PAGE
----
If you absolutely must do a workout every day of the week, make sure to incorporate one or two days of non-running activities such as cycling, swimming or a long walk. Your mind and your running-related muscles will thank you for the variety.
How Slow Should Long Runs Be?
Long runs should be taken at a pace low enough that you can hold a conversation while running without gasping for air.
Save the all-out efforts for race day. During your long run, you should aim for a pace that is at least 60-90 seconds slower than you would expect to run in a race. I know it seems counterintuitive, but there are decades of science behind this tactic.
Running as fast as you can during every long run is equivalent to racing every week, and the human body is not built for that type of stress. One rule of thumb is for every 10 miles or 10 Km of a race, it takes a day to recover. So after completing a 40 km training run at a racing effort, the body would barely have recovered by the time the schedule calls for the next long run.
How Long Does It Take to Lose Your Running Endurance?
We start losing some levels of fitness as quickly as taking even a few consecutive days off. However, it takes a week or more before most of us would see any noticeable decline. (Source)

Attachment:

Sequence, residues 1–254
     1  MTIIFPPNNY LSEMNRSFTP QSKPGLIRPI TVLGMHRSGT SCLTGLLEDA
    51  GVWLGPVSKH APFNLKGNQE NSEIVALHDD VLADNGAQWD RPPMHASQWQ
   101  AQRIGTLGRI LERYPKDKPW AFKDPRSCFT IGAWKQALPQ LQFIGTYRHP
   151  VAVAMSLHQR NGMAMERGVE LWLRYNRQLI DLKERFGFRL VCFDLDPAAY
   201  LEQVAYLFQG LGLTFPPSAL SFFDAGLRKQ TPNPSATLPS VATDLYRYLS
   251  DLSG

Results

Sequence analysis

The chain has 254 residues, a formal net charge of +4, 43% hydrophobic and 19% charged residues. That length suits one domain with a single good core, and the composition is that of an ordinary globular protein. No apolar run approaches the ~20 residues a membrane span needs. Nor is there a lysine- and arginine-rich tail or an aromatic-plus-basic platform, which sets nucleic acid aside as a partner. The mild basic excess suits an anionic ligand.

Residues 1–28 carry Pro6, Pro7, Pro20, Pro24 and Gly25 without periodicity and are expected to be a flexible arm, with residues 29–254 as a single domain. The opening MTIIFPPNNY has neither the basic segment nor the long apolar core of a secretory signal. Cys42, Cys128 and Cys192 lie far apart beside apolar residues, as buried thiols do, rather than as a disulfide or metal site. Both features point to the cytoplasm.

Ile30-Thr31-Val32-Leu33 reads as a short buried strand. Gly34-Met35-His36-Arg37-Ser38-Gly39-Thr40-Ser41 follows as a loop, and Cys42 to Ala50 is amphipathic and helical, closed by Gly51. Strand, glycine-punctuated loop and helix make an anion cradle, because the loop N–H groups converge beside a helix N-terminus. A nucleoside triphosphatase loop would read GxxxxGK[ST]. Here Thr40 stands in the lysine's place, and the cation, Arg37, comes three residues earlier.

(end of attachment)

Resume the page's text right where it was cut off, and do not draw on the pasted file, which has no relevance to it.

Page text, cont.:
Don’t worry, it doesn’t all disappear at once! After a week without running, one would only expect to be a few seconds per mile slower than they were previously. The bigger risk of taking time off is getting out of your rhythm and losing the habit of working out regularly.
Those losses of endurance will compound as the break from running continues. At that rate, if someone spent six months building up running endurance, it would take 3 months of inactivity to lose that base.
The best way to combat that loss of fitness is to avoid complete periods of inactivity. If unable to run due to injury or some other circumstance, then try to switch to some other method of exercise. There would still be some loss of running endurance, but the amount of fitness lost would be far less.
***Of course you should make sure to check with a doctor, therapist, or trainer before attempting something that could make an injury worse. ***
How Can I Run Longer without Getting Tired?
Some tactics for running longer are to decrease running pace, insert walking breaks, fuel up before the run, and make sure to get plenty of sleep.
The first suggestion is simple — slow down in order to run longer. If you can run 3 miles at a 10 minute per mile pace, you could decrease that pace to 11 minutes per mile in order to run 4 or 5 miles. Decreasing your pace allows your heart to beat at a lower rate and it can more effectively distribute the oxygen throughout the body that the leg muscles depend on.